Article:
Southeast Asian Leaders Struggle With Question of Myanmar Violence

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Southeast Asian Leaders Struggle With Question of Myanmar Violence

ASEAN’s member states continue to be divided on how to handle their problem member, as the country’s conflict continues to worsen.

Southeast Asian Leaders Struggle With Question of Myanmar Violence

ASEAN leaders take part in the 41st ASEAN Summit in Phnom Penh, Cambodia, November 11, 2022.

Credit: ASEAN Secretariat/Kusuma Pandu Wijaya

Association of Southeast Asian Nations (ASEAN) leaders struggled Friday to come to a consensus on how to pressure Myanmar to comply with a plan for peace, with violence in the member state spiraling out of control since the military seized power in 2021.

The group has banned leaders of Myanmar, also known as Burma, from participating in its top-level events, like the ongoing summit in Phnom Penh, in an effort to pressure them to comply with ASEAN’s Five-Point Consensus plan for peace, so far with little effect.

Indonesian President Joko “Jokowi” Widodo, whose country assumes ASEAN’s rotating chair after Cambodia, told reporters on the sidelines of the summit that he had proposed broadening the ban on Myanmar political representatives beyond the summit and foreign ministers’ meeting to other events — something urged by human rights groups.

“Indonesia is deeply disappointed the situation in Myanmar is worsening,” he said. “We must not allow the situation in Myanmar to define ASEAN.”

The ASEAN plan calls for the immediate cessation of violence, a dialogue among all parties, mediation by an ASEAN special envoy, provision of humanitarian aid and a visit to Myanmar by the special envoy to meet all sides.

Myanmar’s government initially agreed to the plan but has made little effort to implement it. Under the current ban on political representation, Myanmar has been allowed to send non-political representatives to top-level events but has refused.

Talks among ASEAN’s other members — Cambodia, the Philippines, Malaysia, Indonesia, Laos, Singapore, Thailand, Vietnam, and Brunei — about how to put pressure on Myanmar to comply with the five-point plan have been ongoing in Phnom Penh since mid-week.

Singapore and Malaysia, and at times Brunei, have backed Indonesia’s calls for strengthening the measures against Myanmar, according to a diplomat with access to the discussions, speaking on condition of anonymity to talk about the closed-door meetings.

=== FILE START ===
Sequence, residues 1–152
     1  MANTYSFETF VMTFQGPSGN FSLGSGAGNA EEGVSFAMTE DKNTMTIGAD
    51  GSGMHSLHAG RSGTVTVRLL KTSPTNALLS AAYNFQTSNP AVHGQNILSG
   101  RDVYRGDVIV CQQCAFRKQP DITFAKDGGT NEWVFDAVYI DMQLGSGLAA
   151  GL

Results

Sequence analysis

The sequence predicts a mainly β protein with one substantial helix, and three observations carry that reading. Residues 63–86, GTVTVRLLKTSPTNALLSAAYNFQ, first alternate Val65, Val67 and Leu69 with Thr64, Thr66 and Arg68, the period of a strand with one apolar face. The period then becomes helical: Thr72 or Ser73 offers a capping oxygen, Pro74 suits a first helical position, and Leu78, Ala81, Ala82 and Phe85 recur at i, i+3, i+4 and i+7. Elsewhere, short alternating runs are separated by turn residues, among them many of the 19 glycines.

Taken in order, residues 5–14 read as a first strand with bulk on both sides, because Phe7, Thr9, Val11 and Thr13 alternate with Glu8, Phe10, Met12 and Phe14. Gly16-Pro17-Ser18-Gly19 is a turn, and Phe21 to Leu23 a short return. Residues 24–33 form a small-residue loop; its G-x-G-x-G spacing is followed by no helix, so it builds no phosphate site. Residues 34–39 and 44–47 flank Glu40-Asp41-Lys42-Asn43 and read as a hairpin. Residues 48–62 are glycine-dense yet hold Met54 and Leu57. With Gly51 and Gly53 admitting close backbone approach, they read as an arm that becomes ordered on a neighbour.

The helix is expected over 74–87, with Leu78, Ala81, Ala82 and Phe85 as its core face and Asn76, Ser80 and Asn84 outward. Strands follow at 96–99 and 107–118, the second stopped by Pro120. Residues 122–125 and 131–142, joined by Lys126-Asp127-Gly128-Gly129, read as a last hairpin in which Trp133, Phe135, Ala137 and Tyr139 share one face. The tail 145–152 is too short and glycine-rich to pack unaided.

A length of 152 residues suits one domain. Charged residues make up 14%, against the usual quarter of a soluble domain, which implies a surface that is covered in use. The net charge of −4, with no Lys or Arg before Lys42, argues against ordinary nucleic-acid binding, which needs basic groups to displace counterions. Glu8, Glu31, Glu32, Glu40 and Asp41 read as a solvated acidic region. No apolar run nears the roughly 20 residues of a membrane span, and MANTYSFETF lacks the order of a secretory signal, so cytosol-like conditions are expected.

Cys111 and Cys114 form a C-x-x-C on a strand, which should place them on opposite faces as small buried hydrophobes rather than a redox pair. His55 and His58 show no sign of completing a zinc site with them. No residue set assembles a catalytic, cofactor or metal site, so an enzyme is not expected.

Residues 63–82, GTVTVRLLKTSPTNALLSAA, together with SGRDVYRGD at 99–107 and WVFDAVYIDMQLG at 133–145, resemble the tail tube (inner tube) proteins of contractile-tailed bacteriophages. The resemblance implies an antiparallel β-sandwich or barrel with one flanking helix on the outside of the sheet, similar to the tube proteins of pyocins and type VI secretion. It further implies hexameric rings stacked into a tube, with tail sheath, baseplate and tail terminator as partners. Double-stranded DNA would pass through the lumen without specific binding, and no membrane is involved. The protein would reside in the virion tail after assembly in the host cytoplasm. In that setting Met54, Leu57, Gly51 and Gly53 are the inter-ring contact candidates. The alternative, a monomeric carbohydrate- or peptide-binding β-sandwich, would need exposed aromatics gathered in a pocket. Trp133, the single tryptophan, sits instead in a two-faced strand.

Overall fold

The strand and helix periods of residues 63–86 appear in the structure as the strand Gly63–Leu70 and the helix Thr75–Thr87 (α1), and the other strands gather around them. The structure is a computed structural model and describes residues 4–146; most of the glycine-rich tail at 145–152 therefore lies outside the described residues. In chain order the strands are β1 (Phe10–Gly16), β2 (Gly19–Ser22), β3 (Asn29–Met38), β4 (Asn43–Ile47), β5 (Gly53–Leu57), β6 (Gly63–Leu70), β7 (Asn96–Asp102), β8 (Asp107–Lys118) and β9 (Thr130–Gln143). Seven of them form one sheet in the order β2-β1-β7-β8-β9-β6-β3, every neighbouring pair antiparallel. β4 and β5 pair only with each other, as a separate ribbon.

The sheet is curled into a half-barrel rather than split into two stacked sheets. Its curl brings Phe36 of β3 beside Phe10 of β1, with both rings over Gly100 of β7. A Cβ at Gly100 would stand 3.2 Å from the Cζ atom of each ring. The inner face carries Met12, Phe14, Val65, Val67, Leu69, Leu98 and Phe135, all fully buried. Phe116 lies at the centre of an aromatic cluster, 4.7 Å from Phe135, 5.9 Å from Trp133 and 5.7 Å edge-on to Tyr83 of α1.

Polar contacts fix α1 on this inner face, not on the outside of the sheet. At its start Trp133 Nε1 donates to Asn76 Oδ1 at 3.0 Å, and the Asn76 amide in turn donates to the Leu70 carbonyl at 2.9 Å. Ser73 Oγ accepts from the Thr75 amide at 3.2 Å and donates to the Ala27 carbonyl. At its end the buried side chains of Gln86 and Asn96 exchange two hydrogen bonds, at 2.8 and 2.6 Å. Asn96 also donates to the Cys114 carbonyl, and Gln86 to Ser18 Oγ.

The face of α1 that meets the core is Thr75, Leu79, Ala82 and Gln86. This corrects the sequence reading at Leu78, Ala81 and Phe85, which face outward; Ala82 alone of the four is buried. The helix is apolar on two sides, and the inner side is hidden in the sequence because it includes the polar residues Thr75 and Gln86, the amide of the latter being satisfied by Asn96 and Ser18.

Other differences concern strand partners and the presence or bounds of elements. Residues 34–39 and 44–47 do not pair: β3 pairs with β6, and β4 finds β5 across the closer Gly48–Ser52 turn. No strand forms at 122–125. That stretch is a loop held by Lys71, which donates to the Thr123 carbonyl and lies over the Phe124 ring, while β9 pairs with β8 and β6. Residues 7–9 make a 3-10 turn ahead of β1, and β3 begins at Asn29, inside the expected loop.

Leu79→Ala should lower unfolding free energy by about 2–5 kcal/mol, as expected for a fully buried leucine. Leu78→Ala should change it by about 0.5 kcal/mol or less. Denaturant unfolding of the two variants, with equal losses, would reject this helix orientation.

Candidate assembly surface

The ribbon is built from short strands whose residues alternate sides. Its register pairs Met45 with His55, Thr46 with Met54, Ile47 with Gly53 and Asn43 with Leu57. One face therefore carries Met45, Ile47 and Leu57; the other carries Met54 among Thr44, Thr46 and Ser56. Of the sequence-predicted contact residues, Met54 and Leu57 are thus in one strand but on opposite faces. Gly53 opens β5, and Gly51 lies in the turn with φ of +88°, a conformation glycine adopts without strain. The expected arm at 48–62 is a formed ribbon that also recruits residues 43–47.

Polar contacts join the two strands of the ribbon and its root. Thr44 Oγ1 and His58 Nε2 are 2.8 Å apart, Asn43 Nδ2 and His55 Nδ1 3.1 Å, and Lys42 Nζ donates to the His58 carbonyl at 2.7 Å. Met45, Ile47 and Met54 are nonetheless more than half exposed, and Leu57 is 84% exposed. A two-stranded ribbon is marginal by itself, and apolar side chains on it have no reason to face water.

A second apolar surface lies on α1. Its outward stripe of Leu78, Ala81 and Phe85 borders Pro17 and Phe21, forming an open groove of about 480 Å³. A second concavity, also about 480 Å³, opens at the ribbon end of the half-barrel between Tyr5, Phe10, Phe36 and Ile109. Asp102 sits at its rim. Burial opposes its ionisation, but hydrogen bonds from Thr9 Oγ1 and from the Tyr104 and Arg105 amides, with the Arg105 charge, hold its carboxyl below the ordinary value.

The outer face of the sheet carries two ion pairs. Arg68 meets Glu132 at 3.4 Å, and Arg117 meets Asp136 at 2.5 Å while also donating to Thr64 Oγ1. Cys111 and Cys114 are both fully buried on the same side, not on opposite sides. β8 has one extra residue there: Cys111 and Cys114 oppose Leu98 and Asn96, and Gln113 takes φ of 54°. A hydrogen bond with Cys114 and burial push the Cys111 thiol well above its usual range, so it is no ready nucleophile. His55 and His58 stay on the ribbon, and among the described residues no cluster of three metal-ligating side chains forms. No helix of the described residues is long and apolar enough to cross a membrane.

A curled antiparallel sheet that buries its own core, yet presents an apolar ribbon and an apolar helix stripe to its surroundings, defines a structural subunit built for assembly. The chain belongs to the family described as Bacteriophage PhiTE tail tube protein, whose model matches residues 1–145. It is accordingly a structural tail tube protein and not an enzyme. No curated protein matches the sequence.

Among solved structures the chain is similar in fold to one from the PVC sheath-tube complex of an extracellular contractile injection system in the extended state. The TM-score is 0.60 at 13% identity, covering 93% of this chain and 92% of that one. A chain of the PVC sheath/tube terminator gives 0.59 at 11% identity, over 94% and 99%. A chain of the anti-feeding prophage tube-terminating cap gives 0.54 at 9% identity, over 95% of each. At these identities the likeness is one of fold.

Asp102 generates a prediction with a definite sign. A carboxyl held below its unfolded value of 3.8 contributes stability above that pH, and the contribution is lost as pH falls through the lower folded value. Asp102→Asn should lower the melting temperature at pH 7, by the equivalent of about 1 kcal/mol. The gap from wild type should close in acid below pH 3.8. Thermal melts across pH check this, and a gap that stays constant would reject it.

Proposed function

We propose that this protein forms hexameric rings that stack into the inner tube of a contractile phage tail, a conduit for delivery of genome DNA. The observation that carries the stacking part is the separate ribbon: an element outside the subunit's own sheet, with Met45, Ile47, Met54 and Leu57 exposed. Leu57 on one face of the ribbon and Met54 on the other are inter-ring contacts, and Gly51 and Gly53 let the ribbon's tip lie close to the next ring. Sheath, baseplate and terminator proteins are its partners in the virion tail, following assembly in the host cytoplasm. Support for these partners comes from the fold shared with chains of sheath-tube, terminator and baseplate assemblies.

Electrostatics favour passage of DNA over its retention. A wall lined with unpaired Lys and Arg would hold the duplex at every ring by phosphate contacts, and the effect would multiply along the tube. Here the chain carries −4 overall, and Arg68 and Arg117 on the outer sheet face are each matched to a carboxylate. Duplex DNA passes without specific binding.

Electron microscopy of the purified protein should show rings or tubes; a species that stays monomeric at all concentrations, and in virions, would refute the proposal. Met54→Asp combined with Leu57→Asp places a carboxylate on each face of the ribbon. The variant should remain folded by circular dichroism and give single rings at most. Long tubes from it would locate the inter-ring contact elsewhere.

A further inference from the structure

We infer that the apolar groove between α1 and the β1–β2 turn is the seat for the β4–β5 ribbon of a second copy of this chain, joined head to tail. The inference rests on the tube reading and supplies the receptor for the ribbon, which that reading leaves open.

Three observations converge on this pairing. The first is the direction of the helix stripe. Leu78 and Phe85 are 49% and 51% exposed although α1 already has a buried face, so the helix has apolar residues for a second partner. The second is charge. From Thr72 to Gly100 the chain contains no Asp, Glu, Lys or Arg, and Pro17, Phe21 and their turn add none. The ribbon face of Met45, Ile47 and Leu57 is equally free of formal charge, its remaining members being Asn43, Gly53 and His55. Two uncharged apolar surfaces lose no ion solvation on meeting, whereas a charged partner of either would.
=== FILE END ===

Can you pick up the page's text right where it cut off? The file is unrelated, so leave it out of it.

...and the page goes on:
The group has decided not to suspend Myanmar from ASEAN — at least for now. Thailand, backed by Cambodia and Laos, has been pushing back against the Indonesian proposal, arguing that extending the ban on representation would amount to a de facto suspension, the diplomat said.

The situation has been an overarching issue for ASEAN, and Jokowi stressed the importance of coming to an agreement. “The situation in Myanmar must not hold ASEAN hostage,” he said.

At the official opening ceremony Friday, Cambodia’s prime minister broadly cautioned his fellow Southeast Asian leaders against complacency, saying that even though economies are gradually recovering as the COVID-19 pandemic wanes, there is much work to be done.

Prime Minister Hun Sen warned that the region is “now at the most uncertain juncture” as it seeks to promote “peace, security and sustainable growth.” Though he spoke broadly of “strategic challenges we all face” he did not delve into specifics during his opening address.

“We are now enjoying the fruits of our efforts and moving towards sustainable growth,” he said. “We should always be vigilant as the current socio-economic situation in ASEAN as well as in the whole world remains fragile and divided.”

He said the summit’s theme, “Addressing Challenges Together,” should be considered “time relevant.” “There is a saying that disasters and crises can bring out the best in people,” Hun Sen said. “In this connection, I believe that all of us gathering here today share a sense of urgency to work together.”

Jim Gomez contributed to this story from Manila, Philippines.